Timothy Treadwell was an infuriating man. Determined to spend as much time as possible living amongst the grizzly bears of Alaska he filmed hours and hours of footage of his ‘work’ which consists of living with and being close to the bears. On the 6th October 2003 Timothy Treadwell and his girlfriend Amie Huguenard were killed by one of the bears he cared so passionately about. Werner Herzog has pared down the footage shot by Treadwell, added in some interviews and comments and presented a quite extraordinary documentary in Grizzly Man. What Herzog succeeds in doing is quite remarkable, where I went into the film expecting only to dislike Treadwell because of his frustrating desire to be close to a wild animal that doesn’t want him there, the finished film managed to present a depth of view that I wasn’t expecting. Yes, Timothy Treadwell was in many ways deluded about his actions and their impact. Yes, he obliterated his girlfriend from the footage to make it appear as if he was alone. But Herzog explores the question ‘Why?’ He uncovers the story of a man who repeatedly failed in his endeavours and sought to recreate himself on more than one occasion.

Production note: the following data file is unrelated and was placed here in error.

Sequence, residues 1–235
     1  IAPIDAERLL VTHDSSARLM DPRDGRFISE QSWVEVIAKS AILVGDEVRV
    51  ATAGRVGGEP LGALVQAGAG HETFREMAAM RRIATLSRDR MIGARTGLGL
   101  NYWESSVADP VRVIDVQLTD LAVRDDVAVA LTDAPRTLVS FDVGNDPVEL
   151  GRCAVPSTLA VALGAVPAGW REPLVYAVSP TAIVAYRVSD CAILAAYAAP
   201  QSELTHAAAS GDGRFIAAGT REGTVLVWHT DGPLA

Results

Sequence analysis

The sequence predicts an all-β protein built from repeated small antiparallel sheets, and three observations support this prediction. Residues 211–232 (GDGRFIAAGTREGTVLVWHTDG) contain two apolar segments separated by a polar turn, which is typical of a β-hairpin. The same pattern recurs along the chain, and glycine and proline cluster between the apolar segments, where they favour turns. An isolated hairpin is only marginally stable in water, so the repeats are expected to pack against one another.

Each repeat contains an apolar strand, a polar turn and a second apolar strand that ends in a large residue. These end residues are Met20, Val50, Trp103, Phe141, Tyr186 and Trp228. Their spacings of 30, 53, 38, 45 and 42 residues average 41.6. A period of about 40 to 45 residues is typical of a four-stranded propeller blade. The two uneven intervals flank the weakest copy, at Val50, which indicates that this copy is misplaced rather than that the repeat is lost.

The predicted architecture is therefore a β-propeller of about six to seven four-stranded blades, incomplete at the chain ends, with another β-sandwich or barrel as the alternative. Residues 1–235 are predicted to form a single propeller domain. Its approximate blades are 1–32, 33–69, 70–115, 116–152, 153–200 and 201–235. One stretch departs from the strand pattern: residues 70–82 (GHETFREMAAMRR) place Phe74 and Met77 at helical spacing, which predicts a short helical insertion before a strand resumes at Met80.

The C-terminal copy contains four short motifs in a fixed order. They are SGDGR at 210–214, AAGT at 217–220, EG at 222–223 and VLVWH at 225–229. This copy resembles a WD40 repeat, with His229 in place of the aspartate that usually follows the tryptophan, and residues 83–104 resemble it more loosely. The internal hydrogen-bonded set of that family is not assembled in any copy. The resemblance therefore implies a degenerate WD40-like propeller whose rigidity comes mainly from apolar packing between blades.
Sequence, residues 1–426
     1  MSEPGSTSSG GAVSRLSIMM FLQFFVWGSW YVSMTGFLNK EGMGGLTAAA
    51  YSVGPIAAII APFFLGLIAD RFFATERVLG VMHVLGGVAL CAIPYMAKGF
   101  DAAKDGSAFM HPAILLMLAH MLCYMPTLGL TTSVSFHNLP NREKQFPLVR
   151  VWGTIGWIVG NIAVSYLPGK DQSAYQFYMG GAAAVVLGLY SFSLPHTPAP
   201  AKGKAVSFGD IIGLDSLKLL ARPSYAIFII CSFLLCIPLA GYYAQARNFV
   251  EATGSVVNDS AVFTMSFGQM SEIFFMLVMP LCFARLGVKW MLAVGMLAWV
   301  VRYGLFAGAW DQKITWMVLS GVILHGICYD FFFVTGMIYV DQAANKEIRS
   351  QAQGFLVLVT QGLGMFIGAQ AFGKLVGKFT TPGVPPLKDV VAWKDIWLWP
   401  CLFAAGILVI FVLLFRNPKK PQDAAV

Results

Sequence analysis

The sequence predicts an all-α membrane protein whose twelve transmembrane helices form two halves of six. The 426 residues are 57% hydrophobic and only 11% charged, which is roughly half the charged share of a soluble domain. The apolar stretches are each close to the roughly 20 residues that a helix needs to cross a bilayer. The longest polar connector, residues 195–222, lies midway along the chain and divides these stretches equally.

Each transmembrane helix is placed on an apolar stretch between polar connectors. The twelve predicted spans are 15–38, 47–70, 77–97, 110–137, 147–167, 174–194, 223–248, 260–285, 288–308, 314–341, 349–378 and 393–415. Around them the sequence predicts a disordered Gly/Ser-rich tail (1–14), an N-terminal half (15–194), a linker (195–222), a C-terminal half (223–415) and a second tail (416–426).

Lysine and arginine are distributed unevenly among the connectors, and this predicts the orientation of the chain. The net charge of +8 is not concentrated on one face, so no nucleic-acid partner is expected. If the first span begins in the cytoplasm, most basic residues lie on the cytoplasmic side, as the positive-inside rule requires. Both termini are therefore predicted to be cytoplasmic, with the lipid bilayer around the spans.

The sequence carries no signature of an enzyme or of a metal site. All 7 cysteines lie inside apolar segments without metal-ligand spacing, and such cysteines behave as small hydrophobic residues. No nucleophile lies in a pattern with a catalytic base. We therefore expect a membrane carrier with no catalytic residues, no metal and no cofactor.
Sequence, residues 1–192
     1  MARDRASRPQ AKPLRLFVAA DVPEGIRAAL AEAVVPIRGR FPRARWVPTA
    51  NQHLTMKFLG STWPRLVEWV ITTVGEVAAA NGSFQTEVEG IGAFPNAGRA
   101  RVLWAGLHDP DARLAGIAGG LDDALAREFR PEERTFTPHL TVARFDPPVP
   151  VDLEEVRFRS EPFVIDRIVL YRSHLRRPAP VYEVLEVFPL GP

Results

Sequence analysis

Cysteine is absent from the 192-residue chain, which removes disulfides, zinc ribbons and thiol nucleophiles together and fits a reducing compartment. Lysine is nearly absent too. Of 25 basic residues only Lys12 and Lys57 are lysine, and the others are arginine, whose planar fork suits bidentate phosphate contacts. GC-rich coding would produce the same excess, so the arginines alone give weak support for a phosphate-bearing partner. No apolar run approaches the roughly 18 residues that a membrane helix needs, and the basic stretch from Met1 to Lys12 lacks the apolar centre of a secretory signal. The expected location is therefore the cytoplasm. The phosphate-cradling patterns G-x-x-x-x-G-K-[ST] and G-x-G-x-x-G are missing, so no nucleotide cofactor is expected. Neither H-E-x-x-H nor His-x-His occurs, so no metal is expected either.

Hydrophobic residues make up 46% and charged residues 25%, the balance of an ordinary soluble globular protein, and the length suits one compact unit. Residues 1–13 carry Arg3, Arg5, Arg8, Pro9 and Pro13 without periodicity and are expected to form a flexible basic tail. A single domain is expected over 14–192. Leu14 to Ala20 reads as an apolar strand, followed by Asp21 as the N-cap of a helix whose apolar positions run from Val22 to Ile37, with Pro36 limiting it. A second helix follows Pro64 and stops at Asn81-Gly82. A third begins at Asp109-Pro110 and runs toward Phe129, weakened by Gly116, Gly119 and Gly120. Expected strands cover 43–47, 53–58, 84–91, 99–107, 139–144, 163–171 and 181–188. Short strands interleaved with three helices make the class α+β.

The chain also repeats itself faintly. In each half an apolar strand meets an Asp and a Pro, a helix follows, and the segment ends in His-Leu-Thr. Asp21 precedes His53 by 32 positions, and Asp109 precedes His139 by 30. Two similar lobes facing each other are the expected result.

It is a complex journey, Herzog clearly admires Treadwell’s footage and his bravery but he also knows that the man is deluded and confused. He isn’t helping these bears as much as he is helping himself to feel as if he belongs as though he is contributing. It is difficult to view this as anything other than a false fight that Treadwell has set up to enable him to see himself as a lone hero.
Whatever your view – this sad story is fascinating and upsetting. The description from the coroner of Treadwell’s final moments is grisly, and in its own way heroic. But you won’t be able to shake the feeling that it was also, ultimately, avoidable. Grizzly Man is a superb documentary and a fascinating account of someone who failed to find a voice in the human world until he crossed the boundaries into the animal world.